[Update: I was able to find a link someone posted to the Google Cache of the original blog: http://tinyurl.com/4tubjsv]
As part of a webinar I’m presenting this week on Social Media Policy (“Social Media – Campus Policies & Protocol” – February 17, 2011 from 2-3:30 p.m. EST), I’ve been tracking some very recent case studies to discuss with the audience.
One of them was the story of Natalie Munroe, a High School English Teacher who was just suspended from Central Bucks East High School last week Wednesday after a current student happened across her blog (http://natalieshandbasket.blogspot.com/) which contained disparaging comments (including calling one student a “rude, beligerent [sic], argumentative f*ck”) about students, parents and co-workers. The student forwarded the link to past students of Munroe’s. Eventually some parents found out about it and notified school officials.
What’s become particularly fascinating about the case is that yesterday, Munroe used her blog to respond with her side of the story (as I write this, the local news media in Bucks County appears not to have picked this up yet).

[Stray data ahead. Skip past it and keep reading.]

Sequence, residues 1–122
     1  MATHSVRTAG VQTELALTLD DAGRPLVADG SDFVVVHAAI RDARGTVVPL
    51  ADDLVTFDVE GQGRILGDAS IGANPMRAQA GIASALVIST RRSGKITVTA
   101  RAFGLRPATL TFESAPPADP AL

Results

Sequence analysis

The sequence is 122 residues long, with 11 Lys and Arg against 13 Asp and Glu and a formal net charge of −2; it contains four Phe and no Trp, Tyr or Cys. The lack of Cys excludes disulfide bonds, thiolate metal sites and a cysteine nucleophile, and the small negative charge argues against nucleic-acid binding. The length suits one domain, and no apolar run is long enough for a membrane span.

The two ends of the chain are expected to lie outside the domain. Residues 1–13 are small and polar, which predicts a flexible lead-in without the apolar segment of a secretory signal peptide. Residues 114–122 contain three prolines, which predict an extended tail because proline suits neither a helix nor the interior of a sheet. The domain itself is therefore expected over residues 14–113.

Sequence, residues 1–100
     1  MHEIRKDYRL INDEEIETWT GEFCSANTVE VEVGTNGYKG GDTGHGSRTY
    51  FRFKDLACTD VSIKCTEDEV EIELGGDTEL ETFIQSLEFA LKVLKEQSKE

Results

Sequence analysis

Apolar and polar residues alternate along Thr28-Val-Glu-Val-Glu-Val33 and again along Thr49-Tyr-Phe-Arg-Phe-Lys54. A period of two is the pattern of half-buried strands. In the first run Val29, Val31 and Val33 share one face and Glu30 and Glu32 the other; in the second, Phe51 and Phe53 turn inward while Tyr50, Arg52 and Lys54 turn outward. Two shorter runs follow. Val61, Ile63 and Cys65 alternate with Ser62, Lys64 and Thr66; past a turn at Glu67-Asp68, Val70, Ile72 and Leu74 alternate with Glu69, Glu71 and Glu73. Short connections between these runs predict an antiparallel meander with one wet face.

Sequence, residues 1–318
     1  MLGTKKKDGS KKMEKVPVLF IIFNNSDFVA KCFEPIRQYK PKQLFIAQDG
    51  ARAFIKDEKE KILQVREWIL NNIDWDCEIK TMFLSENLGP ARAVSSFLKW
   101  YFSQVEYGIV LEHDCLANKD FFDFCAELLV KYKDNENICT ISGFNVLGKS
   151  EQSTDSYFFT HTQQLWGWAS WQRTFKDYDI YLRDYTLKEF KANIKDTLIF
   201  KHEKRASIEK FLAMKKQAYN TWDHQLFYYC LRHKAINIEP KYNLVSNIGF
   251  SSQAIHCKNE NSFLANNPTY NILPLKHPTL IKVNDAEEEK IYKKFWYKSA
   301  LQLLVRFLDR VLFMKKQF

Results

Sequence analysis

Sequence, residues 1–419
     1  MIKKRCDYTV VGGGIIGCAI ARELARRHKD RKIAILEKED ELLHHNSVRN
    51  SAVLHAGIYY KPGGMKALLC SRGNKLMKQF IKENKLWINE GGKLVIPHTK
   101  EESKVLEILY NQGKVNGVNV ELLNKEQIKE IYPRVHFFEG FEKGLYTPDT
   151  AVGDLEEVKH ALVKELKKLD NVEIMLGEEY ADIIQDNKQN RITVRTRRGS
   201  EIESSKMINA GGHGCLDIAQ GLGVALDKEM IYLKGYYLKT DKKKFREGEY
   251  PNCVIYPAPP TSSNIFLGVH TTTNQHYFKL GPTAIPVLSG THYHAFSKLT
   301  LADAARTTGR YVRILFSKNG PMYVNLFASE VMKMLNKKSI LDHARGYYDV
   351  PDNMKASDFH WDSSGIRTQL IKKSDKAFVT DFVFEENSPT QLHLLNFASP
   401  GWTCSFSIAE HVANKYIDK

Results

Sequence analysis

For what it’s worth – responding via one’s blog is a rather bold and inspired strategy. In the research I’ve done on cases like these (and in crisis public relations situations generally) people typically regret remaining silent at the advice of counsel and wish they would have weighed in to help influence public opinion on their own behalf.
From a PR perspective, I might suggest to Natalie that she undelete/republish all of the content from her blog. Here’s why:
- hiding it tends to imply that one is admitting that the content is shameful (whereas being transparent tends to be a quality that inspires respect/deference)
- it removes the context that the benign portions of the blog provide and allows people to focus on the sensational excerpts posted in the news
- as Natalie herself noted, there are already cached copies in circulation anyway
Our society is going to be engaged in a difficult debate about the limits of free speech for the next few years as more people begin to publish information about themselves via social media.
Until we’ve crystallized opinion and established a legal/societal framework around how open we allow people to be depending on their role – it’s best to avoid becoming a case study at all costs. The nascent legal framework in place and the fact that many judges/prosecutors/jurors/board members are largely ignorant of the intricacies of social media means you can’t be guaranteed a fair trial.